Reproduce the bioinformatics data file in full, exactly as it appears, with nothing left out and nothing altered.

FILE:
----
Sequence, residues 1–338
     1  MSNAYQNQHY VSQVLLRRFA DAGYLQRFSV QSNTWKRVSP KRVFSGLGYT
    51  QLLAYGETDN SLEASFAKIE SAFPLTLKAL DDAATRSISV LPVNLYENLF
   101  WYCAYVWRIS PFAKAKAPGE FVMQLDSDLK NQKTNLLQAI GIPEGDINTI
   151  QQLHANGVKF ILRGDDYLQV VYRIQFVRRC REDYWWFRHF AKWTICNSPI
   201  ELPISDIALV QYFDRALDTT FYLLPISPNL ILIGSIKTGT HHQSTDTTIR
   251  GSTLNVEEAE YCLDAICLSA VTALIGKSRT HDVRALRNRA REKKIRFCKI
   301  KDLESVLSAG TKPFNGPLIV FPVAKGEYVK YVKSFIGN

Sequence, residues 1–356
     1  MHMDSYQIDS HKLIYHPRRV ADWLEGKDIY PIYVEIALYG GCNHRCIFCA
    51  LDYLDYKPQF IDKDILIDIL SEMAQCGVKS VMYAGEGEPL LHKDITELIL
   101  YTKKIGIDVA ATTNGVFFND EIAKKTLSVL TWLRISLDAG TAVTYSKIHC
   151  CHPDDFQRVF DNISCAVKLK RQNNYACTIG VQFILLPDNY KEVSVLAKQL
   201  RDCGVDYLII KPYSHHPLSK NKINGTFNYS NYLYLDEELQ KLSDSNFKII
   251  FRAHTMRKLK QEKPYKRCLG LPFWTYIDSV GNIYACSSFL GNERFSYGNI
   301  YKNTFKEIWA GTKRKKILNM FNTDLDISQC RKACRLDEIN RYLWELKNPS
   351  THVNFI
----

Sequence, residues 1–338
     1  MSNAYQNQHY VSQVLLRRFA DAGYLQRFSV QSNTWKRVSP KRVFSGLGYT
    51  QLLAYGETDN SLEASFAKIE SAFPLTLKAL DDAATRSISV LPVNLYENLF
   101  WYCAYVWRIS PFAKAKAPGE FVMQLDSDLK NQKTNLLQAI GIPEGDINTI
   151  QQLHANGVKF ILRGDDYLQV VYRIQFVRRC REDYWWFRHF AKWTICNSPI
   201  ELPISDIALV QYFDRALDTT FYLLPISPNL ILIGSIKTGT HHQSTDTTIR
   251  GSTLNVEEAE YCLDAICLSA VTALIGKSRT HDVRALRNRA REKKIRFCKI
   301  KDLESVLSAG TKPFNGPLIV FPVAKGEYVK YVKSFIGN

Sequence, residues 1–356
     1  MHMDSYQIDS HKLIYHPRRV ADWLEGKDIY PIYVEIALYG GCNHRCIFCA
    51  LDYLDYKPQF IDKDILIDIL SEMAQCGVKS VMYAGEGEPL LHKDITELIL
   101  YTKKIGIDVA ATTNGVFFND EIAKKTLSVL TWLRISLDAG TAVTYSKIHC
   151  CHPDDFQRVF DNISCAVKLK RQNNYACTIG VQFILLPDNY KEVSVLAKQL
   201  RDCGVDYLII KPYSHHPLSK NKINGTFNYS NYLYLDEELQ KLSDSNFKII
   251  FRAHTMRKLK QEKPYKRCLG LPFWTYIDSV GNIYACSSFL GNERFSYGNI
   301  YKNTFKEIWA GTKRKKILNM FNTDLDISQC RKACRLDEIN RYLWELKNPS
   351  THVNFI